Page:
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I'll state the classic result in its density (rather than the more general differentiation) version. Let $\mu$ be a measure on the Borel $\sigma$-algebra of $\mathbb{R}^n$ and $A\subset \mathbb{R}^n$ a measurable set.

For $x\in\mathbb{R}^n$, define $$ \chi_{A,r}(x)=\frac{\mu(A\cap B_r(x))}{\mu(B_r(x))},$$ where $B_r(x)$ is the closed ball about $x$ with radius $r$. Then the limit $\chi_A(x)=\lim_{r\to0}\chi_{A,r}(x)$ exists for $\mu$-almost all $x\in\mathbb{R}^n$ and is either 0 or 1, depending on $x$'s membership in $A$.

My question is: what if we use other "nice" test sets instead of balls? Rudin (Real and Complex Analysis, Sec. 7.9) defines classes of "nicely shrinking sets", but I'm thinking in a different direction.

Let us fix a compact $K\subset\mathbb{R}^n$ and consider some measurable $A\subset K$. Let $\mathcal{V}=\{V_1,\ldots,V_N\}$ be a measurable partition of $K$, and denote, for $x\in K$, the partition element to which it belongs by $V(x)$. Define $\rho(\mathcal{V})$ and $\alpha(\mathcal{V})$, respectively, to be the maximal diameter and aspect ratio of any partition element. (The aspect ratio of $V$ is the the ratio of the radii of the maximal inscribed and minimal circumscribed balls of $V$.)

Now define, for $x\in K$, $$ \chi_{A,r,a}(x)=\sup_{\mathcal{V}}\frac{\mu(A\cap V(x))}{\mu(V(x))},$$ where the supremum is over all measurable partitions $\mathcal{V}$ with $\rho(\mathcal{V})\le r$ and $\alpha(\mathcal{V})\le a$.

I think that for fixed $a<\infty$, it's still true that $\lim_{r\to0}\chi_{A,r,a}(x)$ converges almost everywhere to the characteristic function of $A$. Before I reinvent the wheel (or worse, spend time trying to prove a falsehood), two questions. 1. Is this true? 2. Is the result known, or perhaps a simple consequence of a known result?

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The answer to both questions is positive (assuming the definition of aspect ratio for sets is modified to refer to the maximal inscribed and minimal circumscribed balls). The family of all sets $V \subseteq \mathbb{R}^n$ with aspect ratio at most $a$ has bounded eccentricity in the sense of the Wikipedia article on this topic.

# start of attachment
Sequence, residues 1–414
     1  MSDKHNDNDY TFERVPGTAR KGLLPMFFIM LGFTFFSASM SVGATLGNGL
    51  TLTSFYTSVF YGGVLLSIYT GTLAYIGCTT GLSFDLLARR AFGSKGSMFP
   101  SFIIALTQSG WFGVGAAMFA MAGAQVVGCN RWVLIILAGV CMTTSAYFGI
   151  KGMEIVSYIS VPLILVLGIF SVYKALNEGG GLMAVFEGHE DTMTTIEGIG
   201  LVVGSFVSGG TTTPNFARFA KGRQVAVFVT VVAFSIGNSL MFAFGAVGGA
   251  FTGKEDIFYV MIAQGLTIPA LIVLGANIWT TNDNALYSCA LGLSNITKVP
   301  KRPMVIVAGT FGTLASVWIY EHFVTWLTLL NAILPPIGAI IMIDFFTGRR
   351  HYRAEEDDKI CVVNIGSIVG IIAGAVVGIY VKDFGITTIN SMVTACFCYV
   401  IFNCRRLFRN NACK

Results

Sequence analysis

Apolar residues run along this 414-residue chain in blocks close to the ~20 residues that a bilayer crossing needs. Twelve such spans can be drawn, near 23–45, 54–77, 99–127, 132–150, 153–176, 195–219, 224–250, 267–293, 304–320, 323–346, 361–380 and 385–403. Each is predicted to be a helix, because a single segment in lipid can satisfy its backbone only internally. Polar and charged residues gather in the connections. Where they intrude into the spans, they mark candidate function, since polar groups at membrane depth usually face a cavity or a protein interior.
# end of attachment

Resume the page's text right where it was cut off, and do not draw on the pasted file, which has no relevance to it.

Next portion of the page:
https://en.wikipedia.org/wiki/Lebesgue_differentiation_theorem

Any family of sets with bounded eccentricity satisfies the Lebesgue differentiation theorem.

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  • $\begingroup$ The minimal/maximal was a typo -- thanks for pointing out, fixed. Regarding the aspect ratio version, do you have a specific reference? The wiki link doesn't contain a proof of the general case. $\endgroup$ – Aryeh Kontorovich May 9 '19 at 18:06
  • $\begingroup$ Suppose $V \subseteq \mathbb{R}^n$ has aspect ratio at most $a$. Let $B$ be a ball of radius $R$ containing $V$ and let $C$ be a ball of radius $r$ contained in $V$ such that $R \leq ar$. Then we have $\mu(V) \mu(B)^{-1} \geq \mu(C) \mu(B)^{-1} = r^n R^{-n} \geq a^{-n}$. Therefore $a^{-n}$ works as the constant $c$ in the definition of bounded eccentricity on the Wikipedia page. $\endgroup$ – burtonpeterj May 9 '19 at 21:23

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